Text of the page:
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From "Emmanuel Lecharny" <>
Subject Re: [LDAP DAS] Efficient Updating of Persisted Objects
Date Wed, 21 Mar 2007 16:52:50 GMT

Comments inside your mail...

On 3/21/07, Ole Ersoy <> wrote:
> <snip/>

> <snip/>
> Suppose there was an ObjectClass
> defined in ADS called
> Address.
> Then when we did the read operation instead of
> deserializing/unmarshaling the object,
> we would grab the list of attributes on the entry, pass them to the DAS,
> and the DAS would instantiate
> the corresponding object for us.

This is something we might consider. Right now, we don't do that because it
does not make a lot of sense. Again, an entry is generaly small, so grabing
one attribute or the whole entry makes no difference compared to the IO cost
(reading some object from disk will be thousand time slower than doing any
in-memory manipulation). If we have bigger objects, with bigger values
(JPegPhoto for instance), then, yes, we have to do something. But we are
already thinking about serializing such objects in streams which will be
separated from the entries.

(The DAS would then use the setters on the object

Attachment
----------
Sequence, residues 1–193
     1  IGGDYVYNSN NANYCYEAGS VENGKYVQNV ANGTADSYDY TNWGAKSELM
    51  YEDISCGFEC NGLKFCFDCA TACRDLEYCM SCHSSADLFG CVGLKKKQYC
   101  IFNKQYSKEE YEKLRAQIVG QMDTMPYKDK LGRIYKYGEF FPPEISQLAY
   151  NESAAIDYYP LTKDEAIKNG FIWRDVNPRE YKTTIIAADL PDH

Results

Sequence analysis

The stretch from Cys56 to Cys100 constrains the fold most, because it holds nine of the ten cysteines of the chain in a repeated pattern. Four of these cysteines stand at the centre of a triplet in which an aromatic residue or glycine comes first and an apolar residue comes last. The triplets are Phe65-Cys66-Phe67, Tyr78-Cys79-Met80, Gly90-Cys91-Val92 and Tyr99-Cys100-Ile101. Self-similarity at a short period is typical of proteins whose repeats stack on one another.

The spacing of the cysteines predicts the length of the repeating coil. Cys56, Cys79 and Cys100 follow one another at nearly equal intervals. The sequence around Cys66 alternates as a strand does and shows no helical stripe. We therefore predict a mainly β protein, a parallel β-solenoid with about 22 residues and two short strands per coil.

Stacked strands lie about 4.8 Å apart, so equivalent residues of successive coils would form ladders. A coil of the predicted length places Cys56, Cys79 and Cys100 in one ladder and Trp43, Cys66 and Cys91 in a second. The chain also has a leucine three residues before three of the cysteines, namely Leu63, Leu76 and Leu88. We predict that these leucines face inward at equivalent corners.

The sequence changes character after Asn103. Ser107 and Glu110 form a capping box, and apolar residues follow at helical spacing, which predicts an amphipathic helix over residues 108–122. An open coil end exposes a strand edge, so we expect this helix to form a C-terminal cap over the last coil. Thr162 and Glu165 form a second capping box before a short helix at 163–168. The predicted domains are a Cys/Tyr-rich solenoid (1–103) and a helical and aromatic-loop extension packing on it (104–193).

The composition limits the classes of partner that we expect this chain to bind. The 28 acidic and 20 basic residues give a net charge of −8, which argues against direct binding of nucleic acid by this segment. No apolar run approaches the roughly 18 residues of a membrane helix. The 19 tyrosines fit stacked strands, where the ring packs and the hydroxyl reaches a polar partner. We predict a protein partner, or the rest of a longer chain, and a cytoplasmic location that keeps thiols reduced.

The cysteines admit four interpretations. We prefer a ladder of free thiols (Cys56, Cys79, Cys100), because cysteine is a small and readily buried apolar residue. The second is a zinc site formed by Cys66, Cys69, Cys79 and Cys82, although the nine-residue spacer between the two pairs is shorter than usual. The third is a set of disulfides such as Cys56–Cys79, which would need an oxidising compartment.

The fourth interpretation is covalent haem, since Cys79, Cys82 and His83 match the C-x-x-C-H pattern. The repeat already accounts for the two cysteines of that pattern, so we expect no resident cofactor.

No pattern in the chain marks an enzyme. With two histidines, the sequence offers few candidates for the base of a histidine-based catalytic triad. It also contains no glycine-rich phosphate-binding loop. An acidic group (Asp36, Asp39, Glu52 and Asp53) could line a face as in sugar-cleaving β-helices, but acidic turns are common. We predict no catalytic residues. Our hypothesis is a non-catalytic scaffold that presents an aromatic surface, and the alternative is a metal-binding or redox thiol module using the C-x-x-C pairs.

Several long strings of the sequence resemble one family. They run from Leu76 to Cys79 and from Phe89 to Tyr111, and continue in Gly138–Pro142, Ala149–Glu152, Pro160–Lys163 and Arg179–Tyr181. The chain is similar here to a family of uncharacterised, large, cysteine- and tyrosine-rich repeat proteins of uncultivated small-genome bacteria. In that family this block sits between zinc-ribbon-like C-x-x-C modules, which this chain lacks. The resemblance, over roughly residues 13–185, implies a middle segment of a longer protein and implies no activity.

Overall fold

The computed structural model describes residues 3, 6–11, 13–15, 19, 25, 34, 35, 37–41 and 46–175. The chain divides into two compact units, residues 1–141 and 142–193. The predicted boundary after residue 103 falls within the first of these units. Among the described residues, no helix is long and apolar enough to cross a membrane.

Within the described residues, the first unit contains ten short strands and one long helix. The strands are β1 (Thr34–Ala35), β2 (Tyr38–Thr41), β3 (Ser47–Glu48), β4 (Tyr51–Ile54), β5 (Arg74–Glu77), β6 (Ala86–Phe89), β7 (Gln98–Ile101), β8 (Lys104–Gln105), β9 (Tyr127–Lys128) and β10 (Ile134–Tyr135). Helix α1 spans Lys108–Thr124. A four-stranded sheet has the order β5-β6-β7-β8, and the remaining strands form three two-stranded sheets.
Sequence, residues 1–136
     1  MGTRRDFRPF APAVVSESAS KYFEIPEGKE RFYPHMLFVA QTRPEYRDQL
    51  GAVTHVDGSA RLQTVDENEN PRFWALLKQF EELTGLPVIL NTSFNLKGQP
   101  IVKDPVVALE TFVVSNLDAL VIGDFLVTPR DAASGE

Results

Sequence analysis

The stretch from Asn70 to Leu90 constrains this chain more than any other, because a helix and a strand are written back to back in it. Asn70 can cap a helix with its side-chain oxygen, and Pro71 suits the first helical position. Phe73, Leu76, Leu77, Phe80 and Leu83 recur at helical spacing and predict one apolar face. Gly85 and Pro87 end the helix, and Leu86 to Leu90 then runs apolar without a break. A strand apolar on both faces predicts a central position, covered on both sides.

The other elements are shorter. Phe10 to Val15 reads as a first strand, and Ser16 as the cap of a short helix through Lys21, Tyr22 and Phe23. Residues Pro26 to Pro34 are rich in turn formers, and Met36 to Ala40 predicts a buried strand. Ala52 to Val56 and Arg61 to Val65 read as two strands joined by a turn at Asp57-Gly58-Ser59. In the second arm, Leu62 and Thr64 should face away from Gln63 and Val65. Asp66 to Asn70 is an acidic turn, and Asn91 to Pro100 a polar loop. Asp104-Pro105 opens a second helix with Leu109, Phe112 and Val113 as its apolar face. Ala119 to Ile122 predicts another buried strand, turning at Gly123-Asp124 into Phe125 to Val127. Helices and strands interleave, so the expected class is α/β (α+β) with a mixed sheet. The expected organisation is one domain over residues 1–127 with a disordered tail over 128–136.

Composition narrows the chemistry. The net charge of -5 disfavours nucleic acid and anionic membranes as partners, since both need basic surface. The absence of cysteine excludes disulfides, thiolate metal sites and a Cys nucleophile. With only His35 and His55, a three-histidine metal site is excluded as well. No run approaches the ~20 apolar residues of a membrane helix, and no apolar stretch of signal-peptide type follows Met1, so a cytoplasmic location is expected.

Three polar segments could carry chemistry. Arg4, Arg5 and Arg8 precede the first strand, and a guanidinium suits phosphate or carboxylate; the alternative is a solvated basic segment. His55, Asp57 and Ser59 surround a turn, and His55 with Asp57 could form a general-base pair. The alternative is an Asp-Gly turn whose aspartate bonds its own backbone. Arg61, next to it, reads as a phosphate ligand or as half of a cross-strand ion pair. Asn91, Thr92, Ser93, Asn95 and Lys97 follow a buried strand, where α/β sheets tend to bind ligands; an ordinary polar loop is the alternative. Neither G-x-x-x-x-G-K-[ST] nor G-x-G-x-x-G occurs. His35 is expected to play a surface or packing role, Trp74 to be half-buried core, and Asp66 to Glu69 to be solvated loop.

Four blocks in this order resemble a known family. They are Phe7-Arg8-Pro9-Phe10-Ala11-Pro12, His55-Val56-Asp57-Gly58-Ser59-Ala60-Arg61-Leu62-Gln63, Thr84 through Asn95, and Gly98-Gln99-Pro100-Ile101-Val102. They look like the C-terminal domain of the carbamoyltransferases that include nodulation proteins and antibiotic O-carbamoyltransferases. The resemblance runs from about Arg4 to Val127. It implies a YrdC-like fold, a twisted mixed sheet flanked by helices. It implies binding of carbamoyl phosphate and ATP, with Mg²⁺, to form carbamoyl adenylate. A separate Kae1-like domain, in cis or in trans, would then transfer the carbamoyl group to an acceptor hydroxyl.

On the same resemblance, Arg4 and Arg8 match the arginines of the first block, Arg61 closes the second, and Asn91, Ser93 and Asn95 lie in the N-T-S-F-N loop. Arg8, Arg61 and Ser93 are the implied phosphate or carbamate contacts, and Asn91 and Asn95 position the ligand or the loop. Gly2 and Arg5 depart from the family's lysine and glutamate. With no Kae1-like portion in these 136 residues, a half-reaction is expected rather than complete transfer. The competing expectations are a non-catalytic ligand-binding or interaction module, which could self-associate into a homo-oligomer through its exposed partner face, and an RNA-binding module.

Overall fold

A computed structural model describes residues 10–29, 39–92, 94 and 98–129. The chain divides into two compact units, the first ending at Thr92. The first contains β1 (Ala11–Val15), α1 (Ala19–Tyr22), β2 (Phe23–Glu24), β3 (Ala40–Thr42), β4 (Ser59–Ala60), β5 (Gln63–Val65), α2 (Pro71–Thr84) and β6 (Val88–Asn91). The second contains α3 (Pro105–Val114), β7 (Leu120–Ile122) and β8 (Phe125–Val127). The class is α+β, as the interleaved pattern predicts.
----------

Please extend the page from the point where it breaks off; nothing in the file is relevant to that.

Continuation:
> to set those attributes per a predefined map, using
> annotations on the object or an xml configuration file.)

We should avoid reflection as much as possible. Even in Java 1.5 it's damn
costly. We have our own serialization of objects, and we are using it. Now,
we want to extend this mechanism to all the attributeTypes, because the gain
is enormous (I have been able to speedup the server by 50% just using the
serializer for Attributes)

If we switch to another internal structuration for objects (have a look at, then using
some other mechanism may be interesting.

So now when we update street, we would only send that updated
> attribute back to ADS.
> This leads me to the next scenario which is outside of CRUD:
> This is similar to the creation of a RDB Schema or XML Schema,
> but instead of creating these, it's a LDAP Schema defining
> new ObjectClasses that correspond to the objects we are persisting.

In fact, in Ldap, this is exactly what we have : you can't create an object
if the schema does not contain the attributeTypes and ObjectClasses. The new
system, available in 1.5.0, allow you to define a new ObjectClass, or
AttributeType, store it into ADS itself, and then create instances of thise
newly created ObjectClass

These would be written to ADS so that attributes of the objects
> could be stored the same way we store instances of ObjectClasses
> at some DN location.

Don't understand what you mean.

Does that make sense?
> We are now using ADS as an RDB essentially.

ADS is really close to a RDB. It has a master table storing all the entries,
and many BTrees indexing all the needed attributes.

More like an Object Oriented Database actually.

Hierarchical databes is much closer to  the reality.

Emmanuel L├ęcharny

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